The C-terminus of Raf-1 acts as a 14-3-3-dependent activation switch

Amardeep S. Dhillon, Yan Y. Yip, G. Joan Grindlay, Julian L. Pakay, Marc Dangers, Meike Hillmann, William Clark, Andrew Pitt, Harald Mischak, Walter Kolch

Research output: Contribution to journalArticlepeer-review


The Raf-1 protein kinase is a major activator of the ERK MAPK pathway, which links signaling by a variety of cell surface receptors to the regulation of cell proliferation, survival, differentiation and migration. Signaling by Raf-1 is regulated by a complex and poorly understood interplay between phosphorylation events and protein-protein interactions. One important mode of Raf-1 regulation involves the phosphorylation-dependent binding of 14-3-3 proteins. Here, we have examined the mechanism whereby the C-terminal 14-3-3 binding site of Raf-1, S621, controls the activation of MEK-ERK signaling. We show that phosphorylation of S621 turns over rapidly and is enriched in the activated pool of endogenous Raf-1. The phosphorylation on this site can be mediated by Raf-1 itself but also by other kinase(s). Mutations that prevent the binding of 14-3-3 proteins to S621 render Raf-1 inactive by specifically disrupting its capacity to bind to ATP, and not by gross conformational alteration as indicated by intact MEK binding. Phosphorylation of S621 correlates with the inhibition of Raf-1 catalytic activity in vitro, but 14-3-3 proteins can completely reverse this inhibition. Our findings suggest that 14-3-3 proteins function as critical cofactors in Raf-1 activation, which induce and maintain the protein in a state that is competent for both ATP binding and MEK phosphorylation.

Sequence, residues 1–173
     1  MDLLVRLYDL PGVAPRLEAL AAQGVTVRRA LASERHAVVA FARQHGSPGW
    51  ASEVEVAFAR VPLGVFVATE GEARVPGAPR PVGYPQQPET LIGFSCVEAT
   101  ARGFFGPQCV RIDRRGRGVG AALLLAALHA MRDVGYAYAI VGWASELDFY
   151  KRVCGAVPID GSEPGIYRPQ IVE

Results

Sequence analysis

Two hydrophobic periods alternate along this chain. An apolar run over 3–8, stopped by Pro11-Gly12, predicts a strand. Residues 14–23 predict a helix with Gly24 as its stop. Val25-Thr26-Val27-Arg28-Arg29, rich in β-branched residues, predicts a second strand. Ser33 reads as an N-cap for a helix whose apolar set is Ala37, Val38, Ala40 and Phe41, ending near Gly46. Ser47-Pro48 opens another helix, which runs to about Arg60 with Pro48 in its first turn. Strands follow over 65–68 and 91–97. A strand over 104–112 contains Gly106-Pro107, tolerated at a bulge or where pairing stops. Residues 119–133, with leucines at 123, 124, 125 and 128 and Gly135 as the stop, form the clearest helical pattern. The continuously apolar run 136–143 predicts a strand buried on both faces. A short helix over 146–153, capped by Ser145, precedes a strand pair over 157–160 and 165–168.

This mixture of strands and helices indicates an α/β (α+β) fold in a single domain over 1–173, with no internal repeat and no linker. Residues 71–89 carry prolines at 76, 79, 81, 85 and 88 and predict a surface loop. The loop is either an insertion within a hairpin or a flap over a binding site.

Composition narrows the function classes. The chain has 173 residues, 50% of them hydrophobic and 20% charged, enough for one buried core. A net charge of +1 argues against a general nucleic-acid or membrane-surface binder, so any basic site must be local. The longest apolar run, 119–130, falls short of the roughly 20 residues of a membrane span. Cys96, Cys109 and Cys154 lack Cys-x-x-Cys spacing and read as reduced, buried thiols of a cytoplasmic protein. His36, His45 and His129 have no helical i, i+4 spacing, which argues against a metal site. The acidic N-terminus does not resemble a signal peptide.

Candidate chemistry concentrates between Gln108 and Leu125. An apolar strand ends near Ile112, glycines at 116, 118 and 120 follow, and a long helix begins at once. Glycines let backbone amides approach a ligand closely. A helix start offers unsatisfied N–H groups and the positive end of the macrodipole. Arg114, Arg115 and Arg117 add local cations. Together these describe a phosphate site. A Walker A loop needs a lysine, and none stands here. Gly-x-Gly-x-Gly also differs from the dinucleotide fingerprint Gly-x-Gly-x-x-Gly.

Original languageEnglish
Pages (from-to)1645-1651
Number of pages7
JournalCellular Signalling
Issue number11
Publication statusPublished - Nov 2009


  • 14-3-3 proteins
  • amino acid substitution
  • animals
  • binding sites
  • COS cells
  • cell line
  • cercopithecus aethiops
  • extracellular signal-regulated MAP kinases
  • humans
  • MAP kinase kinase kinases
  • mice
  • mutation
  • phosphorylation
  • tertiary protein structure
  • proto-oncogene proteins c-raf
  • signal transduction


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